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Steve Smith: “Why Do Juniors Switch Coaches So Often”

Tue, Mar 1, 2011

a. Player Management

Steve Smith: “Why Do Juniors Switch Coaches So Often”

Written by: Steve Smith

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***Steve Smith has more than 35 years of national and international experience in tennis education.  Steve has learned from and worked with Vic Braden, Dennis Van der Meer, Welby Van Horn and many other legendary tennis instructors. Steve also designed, developed and directed the first comprehensive curriculum and degree plan for tennis teachers, which in turn fostered the development of similar programs around the globe.  Dennis Van der Meer termed Steve’s program “The Harvard of Tennis Teaching,” and Steve’s former students now teach in more than 40 countries. Steve is a member of both the Professional Tennis Registry and the United States Professional Tennis Association.***

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One short answer would be juniors change so often because pros do. Juniors do copy pros.

A longer answer would be the role of the ‘buyer’, the ‘seller’ and the ‘taker’. The buyer is the parent(s). The ‘seller’ is the tennis coach. The ‘taker’ is the junior tennis player.

Yes, as always, there are exceptions to the rule but this is how the typical scenario plays out.

The buyer (parent)  has no idea what they are buying. They are writing checks with little or no experience and little or no tennis knowledge. The buyer is an under-educated consumer.

The seller (coach) knows what they are selling and it is not tennis development. They are selling credibility and credibility is not product knowledge. Credibility means you are believable, not necessarily truthful. To be truthful as a tennis educator, one would need information.

Teaching is information transfer. Unlike the buyer (parent), the seller (coach) has experience. But the seller generally does not have an abundance of tennis knowledge. Actually, it is a tragedy how little product knowledge the seller usually has. The seller is a street entrepreneur. If the seller were selling cars, he could convince you that if you bought a car without tires you would save on air.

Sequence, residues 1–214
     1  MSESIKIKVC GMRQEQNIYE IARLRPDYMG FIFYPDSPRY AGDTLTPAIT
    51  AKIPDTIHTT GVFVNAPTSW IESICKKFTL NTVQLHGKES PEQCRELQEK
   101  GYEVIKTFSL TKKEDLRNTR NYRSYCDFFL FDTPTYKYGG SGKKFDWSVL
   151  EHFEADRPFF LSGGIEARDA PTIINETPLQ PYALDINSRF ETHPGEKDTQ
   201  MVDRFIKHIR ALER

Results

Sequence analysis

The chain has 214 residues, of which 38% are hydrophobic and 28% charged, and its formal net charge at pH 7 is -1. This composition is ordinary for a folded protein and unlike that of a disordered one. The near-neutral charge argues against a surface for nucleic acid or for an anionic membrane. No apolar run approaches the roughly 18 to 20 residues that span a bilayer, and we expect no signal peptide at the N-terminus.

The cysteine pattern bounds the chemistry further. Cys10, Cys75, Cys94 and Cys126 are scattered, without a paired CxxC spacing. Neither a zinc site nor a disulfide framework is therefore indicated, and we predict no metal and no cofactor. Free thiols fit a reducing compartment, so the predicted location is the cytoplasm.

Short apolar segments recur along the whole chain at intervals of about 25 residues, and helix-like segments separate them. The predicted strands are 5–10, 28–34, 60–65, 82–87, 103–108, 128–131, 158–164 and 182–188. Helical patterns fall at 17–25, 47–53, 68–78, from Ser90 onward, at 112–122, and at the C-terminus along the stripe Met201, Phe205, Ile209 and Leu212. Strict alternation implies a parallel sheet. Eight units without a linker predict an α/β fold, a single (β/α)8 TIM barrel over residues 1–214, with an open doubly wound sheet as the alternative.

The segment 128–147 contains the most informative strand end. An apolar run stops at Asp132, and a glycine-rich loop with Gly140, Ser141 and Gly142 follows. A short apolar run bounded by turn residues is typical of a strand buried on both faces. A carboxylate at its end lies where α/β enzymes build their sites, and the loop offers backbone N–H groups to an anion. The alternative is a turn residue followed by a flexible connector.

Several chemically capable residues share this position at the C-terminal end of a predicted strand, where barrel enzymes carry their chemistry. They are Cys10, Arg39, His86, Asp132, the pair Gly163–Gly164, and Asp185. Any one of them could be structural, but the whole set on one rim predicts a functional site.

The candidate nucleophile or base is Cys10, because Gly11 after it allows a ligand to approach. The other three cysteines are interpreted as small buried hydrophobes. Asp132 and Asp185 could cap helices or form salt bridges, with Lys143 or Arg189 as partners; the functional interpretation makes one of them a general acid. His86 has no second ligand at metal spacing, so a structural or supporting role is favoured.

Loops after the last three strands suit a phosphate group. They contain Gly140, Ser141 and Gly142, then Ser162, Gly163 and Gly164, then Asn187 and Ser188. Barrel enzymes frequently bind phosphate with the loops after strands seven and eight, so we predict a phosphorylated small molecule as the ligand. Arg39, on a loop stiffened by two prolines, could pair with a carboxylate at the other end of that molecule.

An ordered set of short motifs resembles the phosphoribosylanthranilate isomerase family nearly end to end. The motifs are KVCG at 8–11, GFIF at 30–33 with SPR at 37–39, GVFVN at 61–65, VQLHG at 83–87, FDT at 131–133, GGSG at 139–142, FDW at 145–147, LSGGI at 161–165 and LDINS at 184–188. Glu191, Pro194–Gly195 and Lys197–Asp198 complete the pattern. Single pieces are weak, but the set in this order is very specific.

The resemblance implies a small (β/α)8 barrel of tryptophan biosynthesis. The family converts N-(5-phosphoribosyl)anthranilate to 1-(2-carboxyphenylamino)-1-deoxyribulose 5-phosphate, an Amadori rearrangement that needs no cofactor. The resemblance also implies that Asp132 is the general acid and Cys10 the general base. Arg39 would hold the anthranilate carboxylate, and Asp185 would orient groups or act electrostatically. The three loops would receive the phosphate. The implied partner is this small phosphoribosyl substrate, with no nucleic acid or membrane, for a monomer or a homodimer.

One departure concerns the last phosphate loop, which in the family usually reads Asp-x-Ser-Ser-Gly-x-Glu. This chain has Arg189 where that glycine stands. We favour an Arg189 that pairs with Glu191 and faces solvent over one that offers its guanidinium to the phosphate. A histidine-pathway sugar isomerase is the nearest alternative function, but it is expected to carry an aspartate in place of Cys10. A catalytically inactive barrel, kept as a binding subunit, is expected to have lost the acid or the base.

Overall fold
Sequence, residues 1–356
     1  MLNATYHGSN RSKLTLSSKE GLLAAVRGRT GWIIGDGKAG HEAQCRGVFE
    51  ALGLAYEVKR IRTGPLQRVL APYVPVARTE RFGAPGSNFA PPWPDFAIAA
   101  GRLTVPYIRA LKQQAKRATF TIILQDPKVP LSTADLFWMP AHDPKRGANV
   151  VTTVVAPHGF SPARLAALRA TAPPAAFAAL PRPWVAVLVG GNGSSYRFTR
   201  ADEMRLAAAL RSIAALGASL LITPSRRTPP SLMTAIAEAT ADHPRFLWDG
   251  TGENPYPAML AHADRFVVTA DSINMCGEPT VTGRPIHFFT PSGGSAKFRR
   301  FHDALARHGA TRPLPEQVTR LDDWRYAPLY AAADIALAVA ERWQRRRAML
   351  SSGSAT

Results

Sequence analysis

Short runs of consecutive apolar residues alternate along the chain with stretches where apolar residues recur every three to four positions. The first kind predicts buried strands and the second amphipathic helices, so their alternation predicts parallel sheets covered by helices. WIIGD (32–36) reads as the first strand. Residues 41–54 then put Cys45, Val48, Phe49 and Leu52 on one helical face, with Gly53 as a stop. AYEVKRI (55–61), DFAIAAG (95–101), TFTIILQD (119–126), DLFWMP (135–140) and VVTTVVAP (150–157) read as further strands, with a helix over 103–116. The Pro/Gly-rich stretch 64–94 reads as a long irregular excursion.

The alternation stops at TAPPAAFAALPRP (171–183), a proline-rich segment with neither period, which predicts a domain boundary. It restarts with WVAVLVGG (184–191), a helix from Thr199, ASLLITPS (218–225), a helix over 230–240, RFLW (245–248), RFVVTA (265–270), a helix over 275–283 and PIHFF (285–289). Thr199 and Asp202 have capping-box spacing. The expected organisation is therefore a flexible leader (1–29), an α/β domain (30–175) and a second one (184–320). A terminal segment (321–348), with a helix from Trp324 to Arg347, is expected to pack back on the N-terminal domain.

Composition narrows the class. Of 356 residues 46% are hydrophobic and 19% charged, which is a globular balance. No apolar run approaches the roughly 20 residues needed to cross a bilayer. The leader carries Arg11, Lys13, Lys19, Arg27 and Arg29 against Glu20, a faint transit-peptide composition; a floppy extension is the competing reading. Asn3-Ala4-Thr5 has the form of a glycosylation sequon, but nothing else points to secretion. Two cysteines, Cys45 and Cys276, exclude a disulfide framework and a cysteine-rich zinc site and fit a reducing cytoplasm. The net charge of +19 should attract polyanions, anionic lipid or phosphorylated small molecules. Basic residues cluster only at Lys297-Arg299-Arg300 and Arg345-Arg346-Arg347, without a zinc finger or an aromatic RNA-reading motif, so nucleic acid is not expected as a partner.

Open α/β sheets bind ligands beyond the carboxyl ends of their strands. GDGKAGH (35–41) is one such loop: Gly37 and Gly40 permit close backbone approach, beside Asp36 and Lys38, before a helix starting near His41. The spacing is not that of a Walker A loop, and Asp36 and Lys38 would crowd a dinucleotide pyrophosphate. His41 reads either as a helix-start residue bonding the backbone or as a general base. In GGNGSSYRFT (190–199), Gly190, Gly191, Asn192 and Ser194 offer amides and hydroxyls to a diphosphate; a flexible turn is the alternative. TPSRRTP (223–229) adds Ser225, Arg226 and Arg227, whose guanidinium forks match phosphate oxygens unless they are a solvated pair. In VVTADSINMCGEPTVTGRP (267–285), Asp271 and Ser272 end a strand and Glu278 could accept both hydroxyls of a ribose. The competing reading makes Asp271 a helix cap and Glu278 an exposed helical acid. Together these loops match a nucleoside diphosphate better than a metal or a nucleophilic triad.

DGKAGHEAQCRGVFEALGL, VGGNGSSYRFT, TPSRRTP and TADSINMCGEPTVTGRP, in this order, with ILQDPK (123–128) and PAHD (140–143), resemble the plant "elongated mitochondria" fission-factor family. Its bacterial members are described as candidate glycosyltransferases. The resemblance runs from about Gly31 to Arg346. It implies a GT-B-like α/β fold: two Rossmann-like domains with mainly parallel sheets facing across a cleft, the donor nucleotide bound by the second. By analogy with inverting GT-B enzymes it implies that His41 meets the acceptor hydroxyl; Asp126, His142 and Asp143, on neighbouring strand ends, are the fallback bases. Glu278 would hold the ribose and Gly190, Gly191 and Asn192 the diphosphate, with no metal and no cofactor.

The taker (junior player) just takes. They take private lessons, groups, clinics, camps as well as one-on-one fitness sessions. The junior player, like the parent, has little or no experience and little or no tennis knowledge. Of course, the junior player, like the parent, gains experience the longer they are in tennis. But seldom do they truly gain tennis knowledge because the seller does not have it.

Note: If there were such a thing as product knowledge, the product, which in this case is tennis, would have to be produced. Players would have to have serves, volleys, specialty shots and the list goes on. Players would have complete games and be a ‘ finished player’; which used to mean that you can play all over the court and finish a point at the net.

Back to the buyer (parent). The parent is going down a path for the first time. Siblings are usually close enough in age that their tennis path with coaching is the same as their brothers and or sisters. The parent is going down a path that they have not been down before and with no directions. The parent usually can only rely on their opinion or the opinion of others, on how to evaluate a coach, but the method in most cases has little or no merit because their judgment is usually not based on fact. Coaches generally are 98% people skills and 2% product knowledge. The parent loves personality. The upbeat, cheerleading coach that is full of optimism, has pockets full of money.

Back to the seller (coach). The coach knows their customer is both the buyer (parent) and the taker (junior player). The coach knows the parent is their kid’s number one fan and fan is short for fanatical. The parent may not be crazy, but there is definitely emotion involved. Often the parent wants their kid to be happy and this is one of many red flags. Usually it is the kid with competitive goals who often changes coaches. Bill Cosby’s statement, “I do not know the key to success but I know the key to failure, make everybody happy”, applies because parents and players choose what they like, what they want and not what they need.